"Today" Sports presenter Garry Richardson has a secret passion - Big Band. An even greater secret passion is to sing with one. But Big Band is a dying art whose future depends on a few old timers determined to keep the art alive. Garry meets one of them, Tony Douglas, the charismatic 84-year-old leader of a legendary amateur band who invites Garry to train for the headline vocal spot at their next big booking.
We join Garry as he explores the future of Big Band while on the bumpy road towards vocal stardom. Two years ago Garry issued a challenge on Radio 4's Saturday Live: "Find me a Big Band for me to sing Frank Sinatra with". Responding to that challenge was Tony Douglas, who now runs the amateur Big Band at the celebrated London adult education institute Morley College - a college whose past staff members include Gustav Holst, Michael Tippett and Vaughan Williams.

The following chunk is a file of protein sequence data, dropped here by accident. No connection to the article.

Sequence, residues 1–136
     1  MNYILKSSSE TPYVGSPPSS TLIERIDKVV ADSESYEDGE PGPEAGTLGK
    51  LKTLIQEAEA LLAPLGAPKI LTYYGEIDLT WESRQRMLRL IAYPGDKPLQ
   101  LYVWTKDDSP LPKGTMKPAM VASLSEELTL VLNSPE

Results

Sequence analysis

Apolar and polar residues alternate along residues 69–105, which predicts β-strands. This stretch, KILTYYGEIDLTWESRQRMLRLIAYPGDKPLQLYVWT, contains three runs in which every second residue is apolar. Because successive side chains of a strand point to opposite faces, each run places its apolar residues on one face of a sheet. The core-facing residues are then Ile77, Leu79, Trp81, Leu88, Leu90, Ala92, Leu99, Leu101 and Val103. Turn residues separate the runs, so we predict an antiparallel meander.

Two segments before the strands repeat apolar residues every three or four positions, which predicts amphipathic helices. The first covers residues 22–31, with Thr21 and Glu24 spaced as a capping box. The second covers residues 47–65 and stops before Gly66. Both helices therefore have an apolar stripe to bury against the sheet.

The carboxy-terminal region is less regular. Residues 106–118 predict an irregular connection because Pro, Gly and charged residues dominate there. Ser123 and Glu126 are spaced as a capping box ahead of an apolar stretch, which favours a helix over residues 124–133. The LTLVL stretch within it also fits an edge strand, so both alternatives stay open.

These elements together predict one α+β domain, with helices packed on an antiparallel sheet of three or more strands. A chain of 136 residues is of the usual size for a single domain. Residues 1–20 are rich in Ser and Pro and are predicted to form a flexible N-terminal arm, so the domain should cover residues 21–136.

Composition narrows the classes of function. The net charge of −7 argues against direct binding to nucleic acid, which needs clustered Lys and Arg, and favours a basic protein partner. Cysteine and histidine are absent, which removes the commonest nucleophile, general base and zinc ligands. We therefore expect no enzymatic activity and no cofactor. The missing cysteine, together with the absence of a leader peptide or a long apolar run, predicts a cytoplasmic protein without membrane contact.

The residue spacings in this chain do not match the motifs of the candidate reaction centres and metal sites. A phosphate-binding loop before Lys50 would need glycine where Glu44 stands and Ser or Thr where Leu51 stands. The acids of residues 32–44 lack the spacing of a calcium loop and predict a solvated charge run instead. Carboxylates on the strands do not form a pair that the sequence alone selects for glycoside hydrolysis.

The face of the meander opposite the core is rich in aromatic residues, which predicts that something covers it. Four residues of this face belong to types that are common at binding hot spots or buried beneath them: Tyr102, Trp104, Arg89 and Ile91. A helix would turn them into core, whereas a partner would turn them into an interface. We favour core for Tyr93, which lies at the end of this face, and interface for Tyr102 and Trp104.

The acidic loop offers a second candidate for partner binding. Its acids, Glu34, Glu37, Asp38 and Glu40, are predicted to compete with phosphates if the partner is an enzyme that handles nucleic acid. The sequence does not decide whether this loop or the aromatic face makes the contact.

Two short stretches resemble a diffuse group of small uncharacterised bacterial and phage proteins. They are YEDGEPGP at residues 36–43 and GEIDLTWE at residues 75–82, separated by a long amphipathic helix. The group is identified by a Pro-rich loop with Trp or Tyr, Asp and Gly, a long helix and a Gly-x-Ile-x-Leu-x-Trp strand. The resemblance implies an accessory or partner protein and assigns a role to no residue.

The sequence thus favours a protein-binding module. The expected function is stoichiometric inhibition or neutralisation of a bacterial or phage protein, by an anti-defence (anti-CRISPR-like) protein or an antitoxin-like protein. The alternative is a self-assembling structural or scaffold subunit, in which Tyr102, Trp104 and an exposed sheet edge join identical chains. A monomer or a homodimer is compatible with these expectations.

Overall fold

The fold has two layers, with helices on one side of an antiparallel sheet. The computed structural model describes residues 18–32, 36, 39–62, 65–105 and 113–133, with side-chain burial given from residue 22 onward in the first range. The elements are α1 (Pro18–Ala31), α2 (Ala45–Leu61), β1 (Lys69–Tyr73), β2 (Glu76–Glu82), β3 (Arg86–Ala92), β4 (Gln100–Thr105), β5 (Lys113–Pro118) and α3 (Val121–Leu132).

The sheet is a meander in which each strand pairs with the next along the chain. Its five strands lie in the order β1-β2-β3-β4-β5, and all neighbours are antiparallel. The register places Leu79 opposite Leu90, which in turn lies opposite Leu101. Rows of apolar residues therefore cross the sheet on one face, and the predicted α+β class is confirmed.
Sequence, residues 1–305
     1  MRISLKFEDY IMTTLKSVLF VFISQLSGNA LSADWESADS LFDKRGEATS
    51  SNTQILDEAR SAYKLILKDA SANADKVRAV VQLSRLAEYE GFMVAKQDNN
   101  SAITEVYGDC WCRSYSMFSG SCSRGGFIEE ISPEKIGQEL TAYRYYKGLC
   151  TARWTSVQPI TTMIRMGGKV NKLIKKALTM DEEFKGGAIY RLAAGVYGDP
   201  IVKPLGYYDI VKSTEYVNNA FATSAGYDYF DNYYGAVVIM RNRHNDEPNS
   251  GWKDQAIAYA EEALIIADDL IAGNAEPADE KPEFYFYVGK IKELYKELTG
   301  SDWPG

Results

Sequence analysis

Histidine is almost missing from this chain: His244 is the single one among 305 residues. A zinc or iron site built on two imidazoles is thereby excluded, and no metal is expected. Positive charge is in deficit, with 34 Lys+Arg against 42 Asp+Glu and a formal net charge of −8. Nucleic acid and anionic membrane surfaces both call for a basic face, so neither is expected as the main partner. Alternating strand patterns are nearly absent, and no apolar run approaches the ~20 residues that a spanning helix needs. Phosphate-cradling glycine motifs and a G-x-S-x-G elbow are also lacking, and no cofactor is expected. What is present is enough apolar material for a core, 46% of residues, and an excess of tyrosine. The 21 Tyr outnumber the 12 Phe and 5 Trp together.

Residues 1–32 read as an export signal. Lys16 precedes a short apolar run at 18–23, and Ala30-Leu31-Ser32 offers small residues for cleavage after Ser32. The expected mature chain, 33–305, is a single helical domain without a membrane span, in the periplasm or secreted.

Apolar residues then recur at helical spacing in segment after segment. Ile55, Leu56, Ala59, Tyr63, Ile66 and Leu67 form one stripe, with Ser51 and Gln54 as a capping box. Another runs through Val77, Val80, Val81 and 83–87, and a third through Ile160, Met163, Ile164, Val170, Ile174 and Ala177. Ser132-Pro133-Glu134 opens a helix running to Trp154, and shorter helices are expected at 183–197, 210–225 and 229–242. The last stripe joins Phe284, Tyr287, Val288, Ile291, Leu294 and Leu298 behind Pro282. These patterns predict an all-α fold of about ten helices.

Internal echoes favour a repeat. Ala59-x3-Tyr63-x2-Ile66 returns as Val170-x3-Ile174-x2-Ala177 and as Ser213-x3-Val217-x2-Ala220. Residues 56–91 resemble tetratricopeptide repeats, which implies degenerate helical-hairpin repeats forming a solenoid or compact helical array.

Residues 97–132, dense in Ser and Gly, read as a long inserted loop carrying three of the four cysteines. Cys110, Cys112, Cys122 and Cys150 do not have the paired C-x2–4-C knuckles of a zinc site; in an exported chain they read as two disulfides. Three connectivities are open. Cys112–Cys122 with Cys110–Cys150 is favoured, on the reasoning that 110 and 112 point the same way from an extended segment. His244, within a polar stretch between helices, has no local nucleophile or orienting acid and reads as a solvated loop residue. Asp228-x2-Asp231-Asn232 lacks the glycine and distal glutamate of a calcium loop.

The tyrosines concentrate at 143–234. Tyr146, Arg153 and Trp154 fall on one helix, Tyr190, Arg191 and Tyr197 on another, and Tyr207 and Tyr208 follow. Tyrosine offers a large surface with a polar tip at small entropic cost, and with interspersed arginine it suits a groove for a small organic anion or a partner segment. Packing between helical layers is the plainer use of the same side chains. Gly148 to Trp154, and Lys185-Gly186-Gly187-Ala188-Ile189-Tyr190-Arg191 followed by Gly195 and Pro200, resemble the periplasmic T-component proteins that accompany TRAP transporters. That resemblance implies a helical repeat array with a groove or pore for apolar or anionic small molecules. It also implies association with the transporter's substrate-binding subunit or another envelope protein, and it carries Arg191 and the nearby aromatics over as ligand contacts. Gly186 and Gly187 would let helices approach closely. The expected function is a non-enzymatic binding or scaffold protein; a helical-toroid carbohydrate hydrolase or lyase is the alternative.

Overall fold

In When Garry met Tony, Garry rehearses a Frank Sinatra hit with the Morley Big Band. Along the way, he takes tips from singer Kurt Ellins, big band devotee Michael Parkinson and the legendary big band musician and singer Buddy Greco.
Garry also discovers more about the origins of big band music as dance music, sustaining Second World War morale before declining in the wake of rock and roll. But, as he finds out, the genre has not disappeared but morphed into a diverse and chameleon-like form whose future, while not certain, is fiercely defended by devotees.
The climax of the programme is when Garry finally performs at the Spice of Life jazz club in Soho. Is the man who's only claim to musical ability is playing the vibes with both hands, a second Sinatra?
Producer: Kati Whitaker
A Kati Whitaker production for BBC Radio 4.